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Doing God's Work

It seems that God continually chooses the most unqualified to do his work. 
~ Madeleine L'Engle, Novelist

The work of God it seems to me is not about some kind of holy living.  It's not about someone's prescribed righteousness.  It's not about moral rules.  It has nothing to do with saving people from hell or even from themselves.

There are of course endless ideas about God.  Whole religions and theological doctrines have been built upon those ideas.  Some of those ideas come from various sacred texts: the Bible, the Torah, the Bhagavad Gita, the Koran, and others.

But whatever your thoughts or beliefs about God may be, if they don't begin and center in and end in love, then they seem to me to be little more than attempts at strained piety or becoming holier-than-thou.

It is not in the protection of ourselves that God's work is done.  It is not in making sure we have the right beliefs.  It is not in fooling ourselves that we fully know God and have some kind of personal relationship with God.

Rather, it is in the living of life that we do God's work.  It is in extending ourselves into the care of others.  It is in being free to explore life and experience it openly and unafraid and without the fear of being judged or condemned for doing it our way.

There are models for this.  Take for instance Jeff Bridges' character, Otis "Bad" Blake, in the movie, "Crazy Heart."

Blake is a wrecked and boozy country singer.  He was once a headline act but the years and the drink and just the cascading events of life have taken their toll.  He performs his solo act in seedy joints before the usual bar scene loyalists.  Some of them are still old fans of Bad's raspy voiced style and his homemade songs, many of them extraordinary in the stories they tell and the emotions they express.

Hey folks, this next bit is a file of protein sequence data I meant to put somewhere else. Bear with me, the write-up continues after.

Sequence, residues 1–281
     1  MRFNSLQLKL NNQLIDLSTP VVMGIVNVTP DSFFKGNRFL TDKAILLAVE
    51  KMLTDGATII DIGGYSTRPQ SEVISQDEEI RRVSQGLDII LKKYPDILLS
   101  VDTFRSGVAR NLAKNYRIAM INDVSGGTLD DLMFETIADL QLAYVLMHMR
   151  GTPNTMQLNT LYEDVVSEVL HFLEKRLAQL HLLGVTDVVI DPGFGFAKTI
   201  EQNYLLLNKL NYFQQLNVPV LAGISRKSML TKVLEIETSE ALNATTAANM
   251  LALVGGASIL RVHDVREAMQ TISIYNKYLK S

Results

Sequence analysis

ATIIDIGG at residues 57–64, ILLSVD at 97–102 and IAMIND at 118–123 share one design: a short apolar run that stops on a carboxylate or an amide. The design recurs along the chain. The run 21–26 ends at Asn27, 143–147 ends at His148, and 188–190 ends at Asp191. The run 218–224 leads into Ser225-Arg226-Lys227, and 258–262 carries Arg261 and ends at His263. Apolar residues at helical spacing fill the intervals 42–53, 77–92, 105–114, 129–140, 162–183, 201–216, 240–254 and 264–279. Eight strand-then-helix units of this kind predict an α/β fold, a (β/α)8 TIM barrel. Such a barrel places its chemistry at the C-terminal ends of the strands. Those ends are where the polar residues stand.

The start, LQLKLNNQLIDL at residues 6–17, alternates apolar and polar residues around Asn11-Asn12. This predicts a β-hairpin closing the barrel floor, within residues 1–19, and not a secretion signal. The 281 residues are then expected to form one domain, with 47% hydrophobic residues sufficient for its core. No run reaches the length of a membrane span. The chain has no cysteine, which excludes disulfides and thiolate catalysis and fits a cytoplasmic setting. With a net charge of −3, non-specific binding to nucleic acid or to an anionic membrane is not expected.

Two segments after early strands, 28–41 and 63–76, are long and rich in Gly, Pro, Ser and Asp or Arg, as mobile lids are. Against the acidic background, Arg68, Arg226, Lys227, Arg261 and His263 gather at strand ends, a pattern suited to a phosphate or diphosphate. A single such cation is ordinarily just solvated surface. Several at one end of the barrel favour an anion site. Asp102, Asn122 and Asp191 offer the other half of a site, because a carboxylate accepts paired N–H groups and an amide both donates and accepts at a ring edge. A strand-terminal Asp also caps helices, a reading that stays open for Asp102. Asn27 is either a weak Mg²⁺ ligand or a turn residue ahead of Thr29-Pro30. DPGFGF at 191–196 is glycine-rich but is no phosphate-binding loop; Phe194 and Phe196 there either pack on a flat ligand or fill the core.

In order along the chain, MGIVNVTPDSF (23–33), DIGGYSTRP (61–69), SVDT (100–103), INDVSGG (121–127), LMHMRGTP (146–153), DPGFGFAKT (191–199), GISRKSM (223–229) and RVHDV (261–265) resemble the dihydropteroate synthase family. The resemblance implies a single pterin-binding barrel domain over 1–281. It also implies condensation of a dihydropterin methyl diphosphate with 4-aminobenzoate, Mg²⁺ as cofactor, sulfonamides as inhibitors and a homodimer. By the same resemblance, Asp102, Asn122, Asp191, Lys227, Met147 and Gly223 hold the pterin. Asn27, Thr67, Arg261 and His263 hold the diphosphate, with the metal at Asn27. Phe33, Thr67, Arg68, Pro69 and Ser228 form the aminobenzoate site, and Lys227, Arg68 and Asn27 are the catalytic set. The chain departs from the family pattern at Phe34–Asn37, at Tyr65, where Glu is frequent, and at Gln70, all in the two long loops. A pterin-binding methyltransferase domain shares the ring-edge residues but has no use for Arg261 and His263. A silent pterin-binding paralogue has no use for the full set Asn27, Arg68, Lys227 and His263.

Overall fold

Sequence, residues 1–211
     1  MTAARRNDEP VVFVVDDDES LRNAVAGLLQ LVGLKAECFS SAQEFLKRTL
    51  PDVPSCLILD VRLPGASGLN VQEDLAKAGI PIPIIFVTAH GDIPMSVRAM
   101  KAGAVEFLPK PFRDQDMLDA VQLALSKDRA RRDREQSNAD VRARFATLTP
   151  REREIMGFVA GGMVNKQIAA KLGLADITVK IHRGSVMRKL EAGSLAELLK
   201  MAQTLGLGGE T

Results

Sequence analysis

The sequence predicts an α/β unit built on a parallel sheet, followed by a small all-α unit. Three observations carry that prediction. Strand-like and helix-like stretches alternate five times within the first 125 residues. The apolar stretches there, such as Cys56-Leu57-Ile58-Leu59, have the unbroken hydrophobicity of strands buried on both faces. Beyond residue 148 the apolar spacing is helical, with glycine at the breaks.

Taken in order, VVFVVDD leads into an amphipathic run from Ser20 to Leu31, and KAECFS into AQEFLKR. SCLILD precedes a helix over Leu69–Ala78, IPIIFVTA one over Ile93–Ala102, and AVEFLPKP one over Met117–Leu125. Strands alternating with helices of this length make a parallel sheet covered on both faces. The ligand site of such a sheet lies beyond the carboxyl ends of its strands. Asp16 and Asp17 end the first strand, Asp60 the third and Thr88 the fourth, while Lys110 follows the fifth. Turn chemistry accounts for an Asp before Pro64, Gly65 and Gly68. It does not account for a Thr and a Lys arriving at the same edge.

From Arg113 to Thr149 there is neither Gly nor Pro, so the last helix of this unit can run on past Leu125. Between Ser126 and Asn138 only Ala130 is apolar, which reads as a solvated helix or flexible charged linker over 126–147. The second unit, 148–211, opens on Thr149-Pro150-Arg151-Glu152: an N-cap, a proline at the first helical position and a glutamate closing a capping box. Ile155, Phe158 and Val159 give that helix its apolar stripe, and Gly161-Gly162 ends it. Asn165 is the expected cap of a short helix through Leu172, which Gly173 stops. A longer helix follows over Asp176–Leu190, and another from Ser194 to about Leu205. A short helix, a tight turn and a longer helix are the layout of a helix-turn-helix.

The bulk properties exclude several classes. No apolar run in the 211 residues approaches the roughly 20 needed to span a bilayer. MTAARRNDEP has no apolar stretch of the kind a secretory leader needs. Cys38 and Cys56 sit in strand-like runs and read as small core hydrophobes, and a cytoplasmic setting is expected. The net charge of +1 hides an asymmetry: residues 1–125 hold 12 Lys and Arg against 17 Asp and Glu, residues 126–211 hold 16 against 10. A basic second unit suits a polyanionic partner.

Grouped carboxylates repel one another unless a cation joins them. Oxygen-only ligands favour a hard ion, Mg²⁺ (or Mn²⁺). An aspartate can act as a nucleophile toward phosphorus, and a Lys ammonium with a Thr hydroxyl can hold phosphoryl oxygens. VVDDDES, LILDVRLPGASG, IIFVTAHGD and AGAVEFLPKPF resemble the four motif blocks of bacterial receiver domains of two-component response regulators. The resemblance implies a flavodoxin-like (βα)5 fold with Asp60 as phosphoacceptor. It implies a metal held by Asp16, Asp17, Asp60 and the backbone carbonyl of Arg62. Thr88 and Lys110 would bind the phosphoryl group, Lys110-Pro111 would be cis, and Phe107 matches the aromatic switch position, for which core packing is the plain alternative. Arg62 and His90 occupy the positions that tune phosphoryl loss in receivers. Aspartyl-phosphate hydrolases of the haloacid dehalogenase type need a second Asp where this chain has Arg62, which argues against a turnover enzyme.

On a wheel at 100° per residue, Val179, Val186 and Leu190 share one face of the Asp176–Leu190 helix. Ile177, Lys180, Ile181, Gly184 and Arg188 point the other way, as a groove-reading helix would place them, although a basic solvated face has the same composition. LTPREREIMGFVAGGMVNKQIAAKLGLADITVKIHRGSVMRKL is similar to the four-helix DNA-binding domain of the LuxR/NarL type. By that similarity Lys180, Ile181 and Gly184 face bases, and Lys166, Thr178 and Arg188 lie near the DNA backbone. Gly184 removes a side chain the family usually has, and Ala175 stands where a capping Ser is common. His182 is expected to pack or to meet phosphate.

As he wanders from his crummy venues he meets Jean Craddock (Maggie Gyllenhaal), an attractive single mom and newspaper reporter and twenty-five years younger than Blake.  After an interview with the old country singer star, a culture piece for her newspaper, the two strike up a casual friendship.  It is in this blossoming relationship that Bad Blake is in some ways renewed.

Love makes the heaviness of life more bearable for all of us.  It can excite the deadest spirit.  Being found attractive to another attractive person, discovering there are still things you are interested in you can share with someone else, and awaking to a depth of caring and the risk of being there for another person is all a part of doing God's work.

When asked by a promoter if he is dependable Blake replies, "Son, I've played sick, drunk, divorced, and on the run.  Bad Blake hasn't missed a goddamn show in his whole fucking life."

It is that showing up that is a part of doing God's work, too.  The determination that no matter how tough life might get, how far down we might sink into places we don't like or into being people we don't want to be, we still find the wherewithal to live and to strive and to make our contribution however weak or small it might be.

God's work is not about miracles and stellar success and virtue beyond question.  Like God, it is getting involved in life and all of its dirt and drama, its struggle and suffering, its mystery and magnificence.  It is wanting to create, and learn, and love.

In the end Bad Blake doesn't win the girl.  But he finds confidence again in his talent.  He discovers a child's love and dares to make a connection with his own estranged son.  He realizes his humanness and that personal growth is never easy and never ends.

As the iconic American writer Thornton Wilder once said, "The very angels themselves cannot persuade the wretched and blundering children on earth as can one human being broken on the wheels of living."

We all learn from one another.  And in that sharing and learning and living, we do God's work.

(c) 2012 Timothy Moody 

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